They've got muck; we've got rakes. TPM Muckraker
"For obvious reasons I cannot discuss any actions we may be taking as a result of the shooting in Arizona," Jeff Carter, Chief of the Office of Public Affairs for the U.S. Marshals Service told TPM in a statement. "What I can tell you is that we take our judicial security mission very seriously and continuously monitor for threats."
As a federal law enforcement official told the newspaper, callers "cursed him out, threatened to kill his family, said they'd come and take care of him. They really wanted him dead." The calls from as far as Richmond and Baltimore, the official told the newspaper.
Threats against federal judges have been soaring nationwide in recent years. The newspaper reported:
U.S. marshals put Roll, who was appointed to the federal bench by President George H.W. Bush in 1991, under 24-hour protection for about a month. They guarded his home in a secluded area just outside Tucson, screening his mail and escorting him to court, to the gym and even to Mass.
Roll told the Post in May 2009 that "any judge who goes through this knows it's a stressful situation" and that he and his family were grateful for the protection.
John Clark, who retired as Director of the U.S. Marshals Service just last month, told me in an interview last spring that the Internet created a greater threat environment against judges.
"In today's world there are more individuals who are more prone to threatening judges," Clark told me. "I think a lot of it has to do with the availability of information with the use of technology and the Internet. Individuals can find out more about particular cases and judges decisions. They can use Internet sources to find out more about the judge. So if someone is prone to want to threaten someone, there are a number of ways they can find material about a judge. We have to think about that as well."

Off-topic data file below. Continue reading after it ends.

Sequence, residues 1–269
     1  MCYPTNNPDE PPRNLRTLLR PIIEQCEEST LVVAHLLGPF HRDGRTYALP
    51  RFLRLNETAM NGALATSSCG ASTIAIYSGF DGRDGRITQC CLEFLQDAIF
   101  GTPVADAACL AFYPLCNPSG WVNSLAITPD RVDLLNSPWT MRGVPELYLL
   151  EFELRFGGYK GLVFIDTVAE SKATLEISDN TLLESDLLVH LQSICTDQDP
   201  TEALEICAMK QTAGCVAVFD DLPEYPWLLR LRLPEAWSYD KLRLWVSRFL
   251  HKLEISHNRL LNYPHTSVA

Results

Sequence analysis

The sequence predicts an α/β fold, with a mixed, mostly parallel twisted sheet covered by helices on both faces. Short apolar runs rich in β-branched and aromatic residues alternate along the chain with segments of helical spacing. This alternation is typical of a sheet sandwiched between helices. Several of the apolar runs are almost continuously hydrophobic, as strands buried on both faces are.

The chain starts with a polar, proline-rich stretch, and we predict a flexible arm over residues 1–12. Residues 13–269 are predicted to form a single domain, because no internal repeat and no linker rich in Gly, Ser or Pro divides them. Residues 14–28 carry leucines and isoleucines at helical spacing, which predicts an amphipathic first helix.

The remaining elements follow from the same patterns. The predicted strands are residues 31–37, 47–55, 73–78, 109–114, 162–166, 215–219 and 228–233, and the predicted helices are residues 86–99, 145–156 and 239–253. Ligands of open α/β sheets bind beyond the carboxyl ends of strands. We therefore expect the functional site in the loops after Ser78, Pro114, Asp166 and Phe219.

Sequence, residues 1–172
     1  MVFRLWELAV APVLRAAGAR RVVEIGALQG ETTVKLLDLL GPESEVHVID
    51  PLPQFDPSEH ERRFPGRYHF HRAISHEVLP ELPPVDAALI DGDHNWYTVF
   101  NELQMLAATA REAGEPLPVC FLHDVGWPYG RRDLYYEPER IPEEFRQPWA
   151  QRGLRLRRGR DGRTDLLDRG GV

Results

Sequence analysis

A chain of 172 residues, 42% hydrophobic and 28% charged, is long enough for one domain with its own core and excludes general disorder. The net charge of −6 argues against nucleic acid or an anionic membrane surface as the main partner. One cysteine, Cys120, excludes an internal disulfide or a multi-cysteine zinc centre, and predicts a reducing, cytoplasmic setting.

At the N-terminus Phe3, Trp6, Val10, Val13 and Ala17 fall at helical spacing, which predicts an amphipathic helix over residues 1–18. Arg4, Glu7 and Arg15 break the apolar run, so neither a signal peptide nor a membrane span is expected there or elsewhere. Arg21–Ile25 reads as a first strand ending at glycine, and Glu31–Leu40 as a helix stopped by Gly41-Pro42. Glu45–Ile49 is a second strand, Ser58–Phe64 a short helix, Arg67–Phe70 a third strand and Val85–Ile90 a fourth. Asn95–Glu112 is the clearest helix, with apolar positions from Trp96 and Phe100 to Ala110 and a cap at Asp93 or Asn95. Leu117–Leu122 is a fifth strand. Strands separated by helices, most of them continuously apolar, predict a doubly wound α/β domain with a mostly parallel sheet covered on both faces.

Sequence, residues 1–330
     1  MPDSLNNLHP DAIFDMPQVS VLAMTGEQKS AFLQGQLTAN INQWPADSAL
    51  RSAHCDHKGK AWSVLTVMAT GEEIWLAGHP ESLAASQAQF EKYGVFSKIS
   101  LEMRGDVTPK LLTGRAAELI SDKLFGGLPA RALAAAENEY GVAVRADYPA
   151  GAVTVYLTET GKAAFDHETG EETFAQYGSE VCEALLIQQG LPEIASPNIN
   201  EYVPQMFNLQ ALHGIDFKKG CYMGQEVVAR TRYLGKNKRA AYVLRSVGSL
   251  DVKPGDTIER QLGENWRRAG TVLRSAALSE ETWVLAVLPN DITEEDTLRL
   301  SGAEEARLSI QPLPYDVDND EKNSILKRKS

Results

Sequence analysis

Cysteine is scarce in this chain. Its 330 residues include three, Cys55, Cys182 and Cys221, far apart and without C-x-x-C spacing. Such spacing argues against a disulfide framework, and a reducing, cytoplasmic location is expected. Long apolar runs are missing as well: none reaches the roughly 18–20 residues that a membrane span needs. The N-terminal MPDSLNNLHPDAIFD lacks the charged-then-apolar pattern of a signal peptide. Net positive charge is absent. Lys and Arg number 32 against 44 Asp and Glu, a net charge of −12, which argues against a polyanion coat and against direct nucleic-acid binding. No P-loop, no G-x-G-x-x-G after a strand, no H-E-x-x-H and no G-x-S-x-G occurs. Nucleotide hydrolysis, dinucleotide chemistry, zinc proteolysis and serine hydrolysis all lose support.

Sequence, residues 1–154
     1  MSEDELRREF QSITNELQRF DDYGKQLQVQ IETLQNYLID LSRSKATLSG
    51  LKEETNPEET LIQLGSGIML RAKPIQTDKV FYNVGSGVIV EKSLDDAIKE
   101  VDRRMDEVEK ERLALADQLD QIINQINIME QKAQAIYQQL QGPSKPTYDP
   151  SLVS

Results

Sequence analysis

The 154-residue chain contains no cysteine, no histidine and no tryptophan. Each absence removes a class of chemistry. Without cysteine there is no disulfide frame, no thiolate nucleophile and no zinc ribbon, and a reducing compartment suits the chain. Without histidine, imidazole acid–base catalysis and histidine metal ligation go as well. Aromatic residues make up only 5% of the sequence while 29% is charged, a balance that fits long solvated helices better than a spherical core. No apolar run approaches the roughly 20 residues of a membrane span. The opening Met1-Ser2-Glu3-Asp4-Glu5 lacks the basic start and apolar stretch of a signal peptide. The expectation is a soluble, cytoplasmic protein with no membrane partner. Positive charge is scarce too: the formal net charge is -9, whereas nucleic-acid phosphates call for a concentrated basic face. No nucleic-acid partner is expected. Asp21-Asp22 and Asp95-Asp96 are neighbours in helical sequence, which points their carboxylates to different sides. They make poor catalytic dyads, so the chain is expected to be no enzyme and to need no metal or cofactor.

Clark told me that the U.S. Marshals Service also strengthened its relationship with the judiciary during his time at the helm.
More on the threats against Roll here.
Late Update: Carter also confirmed that Roll "was not under U.S. Marshals Service protection at the time of the incident."
Late, Late Update: The New York Times has more:
Killings of federal judges are rare. The last to be murdered in office was Judge Robert Vance, who was killed by a mail bomb at his home in Mountain Brook, Ala., in 1989.
On Dec. 21, Judge Roll sent an e-mail to Judge [Alex] Kozinski with an attached letter from Ms. Giffords and another member of Congress from Arizona, Ed Pastor, a Democrat. The two members of Congress encouraged the Ninth Circuit to "declare a judicial emergency" to help cope with the increased workload by extending deadlines under the speedy trial act. In the e-mail, Judge Roll wrote that the Congressional letter was "unsolicited but very much appreciated."
Judge Kozinski speculated -- "just a guess," he said -- that Judge Roll might have gone to the event on Saturday to thank Ms. Giffords for the letter. "And he gets killed for it."
Judge Kozinski added, "If it can happen to him, it can happen to any of us."